The Department of Health and Human Services issued a whole slew of long-awaited regulations Tuesday about the Affordable Care Act. They are important to consumers because they have to do with both cost and (loosely) what must be covered. States have some latitude in the coverage area, more on that in a moment.
Friendly reminder that most of what the feds released are for the new state based exchanges. Individuals and small businesses will be able to buy insurance through the state's exchange, Covered California. If you get insurance through your employer, you will continue to do so.
- Guaranteed issue and renewal: you no longer can be denied getting insurance due to a pre-existing condition. Insurance companies can no longer jack up rates or drop you completely when it's time to renew. They may only raise rates annually (on your birthday!) and only by a set amount.
- Fair premiums: premiums can only differ based on age, family size, tobacco use and where you live. Adults will be within a 3:1 ratio. In other words, a premium for a 63-year-old can be a maximum of three times the rate of a 21-year-old. Everyone over age 63 is in the same rate band. Women can no longer be charged more than men.
- Young adults special option: Younger people tend to be healthier than older people. But, as noted above, older adults are capped at paying a max of three times the premium of a 21-year-old. There was concern that this would mean high premiums for 20-somethings. The new rules allow for catastrophic health insurance plans -- plans with lower premiums and higher deductibles for those generally health younger adults.
- What's covered: The feds have already detailed that each state must offer coverage within ten categories. States have some latitude in exactly what they'll put in their plans. But one question had been around prescription drugs. The federal government had initially indicated that plans need only cover one prescription drug per category in a policy's "formulary" -- which could be problematic for the millions of people with chronic illnesses who take more than one drug. There were concerns that only one drug would be covered in a huge category, such as diabetes for example. The new rules today say that insurance sold in the exchange must match the benefits of the most popular small group health plan in the state (the "benchmark plan"). In other words, in all likelihood, more than one prescription drug will be covered in each category.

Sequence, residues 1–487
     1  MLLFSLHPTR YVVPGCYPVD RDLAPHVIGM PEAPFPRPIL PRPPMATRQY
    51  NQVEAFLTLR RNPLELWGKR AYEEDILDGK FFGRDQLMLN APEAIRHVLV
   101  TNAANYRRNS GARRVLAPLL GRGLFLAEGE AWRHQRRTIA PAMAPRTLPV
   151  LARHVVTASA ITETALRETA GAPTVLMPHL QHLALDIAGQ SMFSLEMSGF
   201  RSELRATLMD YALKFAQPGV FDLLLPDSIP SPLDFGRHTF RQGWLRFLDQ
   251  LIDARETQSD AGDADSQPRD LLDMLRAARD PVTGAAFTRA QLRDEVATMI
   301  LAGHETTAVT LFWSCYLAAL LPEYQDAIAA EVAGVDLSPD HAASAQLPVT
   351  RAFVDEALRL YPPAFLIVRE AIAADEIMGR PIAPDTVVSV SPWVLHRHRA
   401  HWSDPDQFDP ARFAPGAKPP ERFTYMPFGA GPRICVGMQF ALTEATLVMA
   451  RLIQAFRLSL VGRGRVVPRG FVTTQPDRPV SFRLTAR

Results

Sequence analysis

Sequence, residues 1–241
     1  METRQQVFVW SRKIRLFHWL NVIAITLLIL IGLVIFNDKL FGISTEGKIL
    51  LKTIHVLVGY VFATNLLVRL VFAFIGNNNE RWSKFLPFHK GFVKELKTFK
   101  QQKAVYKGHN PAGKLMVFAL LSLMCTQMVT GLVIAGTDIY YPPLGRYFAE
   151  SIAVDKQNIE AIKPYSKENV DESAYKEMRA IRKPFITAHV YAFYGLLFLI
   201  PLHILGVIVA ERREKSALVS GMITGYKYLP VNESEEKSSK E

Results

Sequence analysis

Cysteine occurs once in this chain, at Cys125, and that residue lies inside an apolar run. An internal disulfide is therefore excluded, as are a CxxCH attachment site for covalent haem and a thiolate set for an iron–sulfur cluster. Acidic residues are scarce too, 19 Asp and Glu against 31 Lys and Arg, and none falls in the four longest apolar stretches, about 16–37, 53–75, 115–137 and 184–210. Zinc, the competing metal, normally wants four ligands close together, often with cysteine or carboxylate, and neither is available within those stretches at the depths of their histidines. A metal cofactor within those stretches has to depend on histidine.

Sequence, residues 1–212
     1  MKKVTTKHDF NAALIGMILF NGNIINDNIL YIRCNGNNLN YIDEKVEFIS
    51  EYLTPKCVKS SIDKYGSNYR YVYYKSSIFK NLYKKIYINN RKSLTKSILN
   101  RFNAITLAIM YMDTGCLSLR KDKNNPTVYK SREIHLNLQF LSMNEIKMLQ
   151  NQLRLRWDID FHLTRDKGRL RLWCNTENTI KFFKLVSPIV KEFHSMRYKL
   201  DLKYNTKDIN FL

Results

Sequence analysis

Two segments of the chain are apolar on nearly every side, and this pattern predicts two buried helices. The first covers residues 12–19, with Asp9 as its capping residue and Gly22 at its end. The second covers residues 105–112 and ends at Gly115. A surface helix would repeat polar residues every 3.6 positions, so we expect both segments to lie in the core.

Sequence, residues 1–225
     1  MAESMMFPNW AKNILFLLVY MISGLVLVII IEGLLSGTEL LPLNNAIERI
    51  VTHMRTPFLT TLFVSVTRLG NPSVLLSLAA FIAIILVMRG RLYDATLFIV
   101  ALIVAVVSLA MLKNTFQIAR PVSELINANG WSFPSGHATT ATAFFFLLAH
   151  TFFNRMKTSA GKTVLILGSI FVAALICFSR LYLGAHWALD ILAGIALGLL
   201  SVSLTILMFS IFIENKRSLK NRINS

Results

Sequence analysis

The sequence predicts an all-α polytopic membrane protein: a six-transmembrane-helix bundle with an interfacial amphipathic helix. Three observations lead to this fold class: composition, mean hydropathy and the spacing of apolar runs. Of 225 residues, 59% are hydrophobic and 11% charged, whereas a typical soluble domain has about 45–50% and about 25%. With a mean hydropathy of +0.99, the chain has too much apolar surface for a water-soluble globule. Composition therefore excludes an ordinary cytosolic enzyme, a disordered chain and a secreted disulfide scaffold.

- Wellness programs: A new rule encourages employers to offer a new kind of wellness program. If employers participate, people who receive insurance through their employer will be able to participate in enhanced wellness programs. Specifically, they can win a reward (real money here, folks: discount on premium or co-pay, for example) if they meet a specific health target: reduce or quit smoking; lower cholesterol; weight loss, etc.
These federal rules are in the 30-day public comment period. Then the rules will be finalized. After that, it's up to states to implement them. California will have a special legislative session (announced, but not yet scheduled) to debate state level laws and regulations, so that Covered California can move forward with creating the exchange.
It's a tight timeline. The exchange opens for business next October, just over 10 months from now. That's when people will be able to shop for insurance. The coverage will start January 1, 2014.
There are more regulations to come. On a conference call with reporters today, Gary Cohen, acting director of the Center for Consumer Information and Insurance Oversight, said, "We're working hard to get everything out as fast as we can."
Kaiser Health News: Administration Releases New Health Law Rules for Insurers, Employers